Can You Sue if You Get Hurt in Jail?
Per the Federal Tort Claims Act (FTCA), federal prison inmates can sue a jail and the government for personal injuries they received from other inmates. Several state governments have adopted some sort of variation of the FTCA that allows state prisoners to sue for personal injuries as well.
Can You Sue a Jail for Negligence?
You can sue a jail or prison if you were injured due to the negligence of the prison staff. If you suffered an injury due to the negligent actions or inactions of correctional facility guards or other staff while incarcerated, you can contact a jail neglect attorney to discuss the details of your case.
Can I Sue the Jail for Medical Negligence?
You can sue jails and prisons for failure to provide adequate medical care because it is a violation of a prisoner’s civil rights to deny them necessary care.
Can You Sue if Someone Dies in Jail?
If an incarcerated family member or loved one has died while in jail and you suspect that negligence, abuse, or intentional violence may be the cause, you can contact a prison abuse lawyer to file a claim against the prison and the government for negligence, wrongful death, and potential civil rights violations.
Contact a Dedicated Attorney for Your Inmate Abuse Lawsuit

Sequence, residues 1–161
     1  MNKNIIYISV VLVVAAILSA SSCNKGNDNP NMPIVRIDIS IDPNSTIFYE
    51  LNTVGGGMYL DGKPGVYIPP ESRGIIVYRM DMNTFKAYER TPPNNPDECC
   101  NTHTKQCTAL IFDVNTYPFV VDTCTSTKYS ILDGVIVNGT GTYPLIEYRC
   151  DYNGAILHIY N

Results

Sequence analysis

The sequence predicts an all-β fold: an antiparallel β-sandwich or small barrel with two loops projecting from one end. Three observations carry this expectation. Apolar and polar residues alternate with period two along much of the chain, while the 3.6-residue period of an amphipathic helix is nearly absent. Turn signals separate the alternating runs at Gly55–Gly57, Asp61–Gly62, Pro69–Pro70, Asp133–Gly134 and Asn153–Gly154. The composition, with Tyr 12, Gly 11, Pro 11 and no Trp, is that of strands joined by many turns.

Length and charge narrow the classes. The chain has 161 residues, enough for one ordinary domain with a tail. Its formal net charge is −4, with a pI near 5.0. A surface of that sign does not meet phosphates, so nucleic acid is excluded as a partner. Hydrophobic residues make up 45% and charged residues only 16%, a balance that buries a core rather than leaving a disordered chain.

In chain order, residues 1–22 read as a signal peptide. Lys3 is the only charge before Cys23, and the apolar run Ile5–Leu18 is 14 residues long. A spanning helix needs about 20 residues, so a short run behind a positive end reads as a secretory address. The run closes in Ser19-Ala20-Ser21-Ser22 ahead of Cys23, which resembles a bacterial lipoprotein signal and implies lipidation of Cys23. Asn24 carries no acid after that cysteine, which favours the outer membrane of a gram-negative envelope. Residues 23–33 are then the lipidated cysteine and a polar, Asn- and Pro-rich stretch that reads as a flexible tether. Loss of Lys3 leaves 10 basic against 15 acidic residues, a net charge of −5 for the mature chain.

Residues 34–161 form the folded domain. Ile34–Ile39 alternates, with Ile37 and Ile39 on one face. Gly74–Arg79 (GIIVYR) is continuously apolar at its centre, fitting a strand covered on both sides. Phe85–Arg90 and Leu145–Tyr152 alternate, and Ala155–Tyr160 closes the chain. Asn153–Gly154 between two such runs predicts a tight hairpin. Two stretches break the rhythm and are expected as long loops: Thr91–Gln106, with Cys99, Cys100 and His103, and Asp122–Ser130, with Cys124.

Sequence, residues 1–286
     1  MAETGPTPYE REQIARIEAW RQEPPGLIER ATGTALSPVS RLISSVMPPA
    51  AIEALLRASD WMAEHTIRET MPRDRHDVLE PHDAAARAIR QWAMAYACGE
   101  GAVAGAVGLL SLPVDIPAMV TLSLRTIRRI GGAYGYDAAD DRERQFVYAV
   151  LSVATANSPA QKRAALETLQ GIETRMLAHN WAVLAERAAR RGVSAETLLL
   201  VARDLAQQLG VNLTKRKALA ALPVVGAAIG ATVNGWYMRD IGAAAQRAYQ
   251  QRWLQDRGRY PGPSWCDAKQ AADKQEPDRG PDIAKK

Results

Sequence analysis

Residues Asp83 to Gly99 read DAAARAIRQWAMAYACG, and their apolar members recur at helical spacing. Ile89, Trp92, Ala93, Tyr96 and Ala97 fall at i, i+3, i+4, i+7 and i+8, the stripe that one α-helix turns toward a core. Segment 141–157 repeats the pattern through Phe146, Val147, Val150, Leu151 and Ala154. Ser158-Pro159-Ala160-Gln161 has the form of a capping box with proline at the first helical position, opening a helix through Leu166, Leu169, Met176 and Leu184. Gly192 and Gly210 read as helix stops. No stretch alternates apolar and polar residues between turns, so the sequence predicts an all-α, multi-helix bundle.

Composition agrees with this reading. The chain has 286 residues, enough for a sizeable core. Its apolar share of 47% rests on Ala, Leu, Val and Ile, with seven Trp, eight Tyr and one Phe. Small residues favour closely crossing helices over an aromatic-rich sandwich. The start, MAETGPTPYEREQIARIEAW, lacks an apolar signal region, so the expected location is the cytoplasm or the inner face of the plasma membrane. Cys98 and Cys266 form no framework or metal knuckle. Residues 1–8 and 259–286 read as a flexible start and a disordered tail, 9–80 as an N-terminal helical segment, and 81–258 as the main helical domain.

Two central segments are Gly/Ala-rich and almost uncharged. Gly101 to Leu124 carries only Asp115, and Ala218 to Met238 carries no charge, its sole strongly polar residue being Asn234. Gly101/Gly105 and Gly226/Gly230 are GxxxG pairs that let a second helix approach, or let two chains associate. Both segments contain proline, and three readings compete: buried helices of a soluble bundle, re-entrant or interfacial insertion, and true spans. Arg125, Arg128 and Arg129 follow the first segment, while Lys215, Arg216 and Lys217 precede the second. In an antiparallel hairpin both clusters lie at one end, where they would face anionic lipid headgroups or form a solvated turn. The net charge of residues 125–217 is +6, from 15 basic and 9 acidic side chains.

When you’re looking for a civil rights attorney for inmates after you or a loved one was abused, neglected, or injured by a prison guard while in custody, you may be entitled to compensation. An attorney from Parker Waichman is available for a free consultation to discuss jail medical neglect, sexual and physical abuse, or being otherwise injured while in jail. Our law firm has years of experience with negligence and abuse cases of all types so you know that your lawsuit is in good hands.
Contact us now for a free legal consultation to discuss your potential inmate lawsuit against the prison system by filling out our online contact form or call us at 1-800-YOURLAWYER (1-800-968-7529).
New York | Brooklyn | Queens | Long Island | New Jersey | Florida
Call us at: 1-800-YOURLAWYER (800-968-7529) | Schedule your free consultation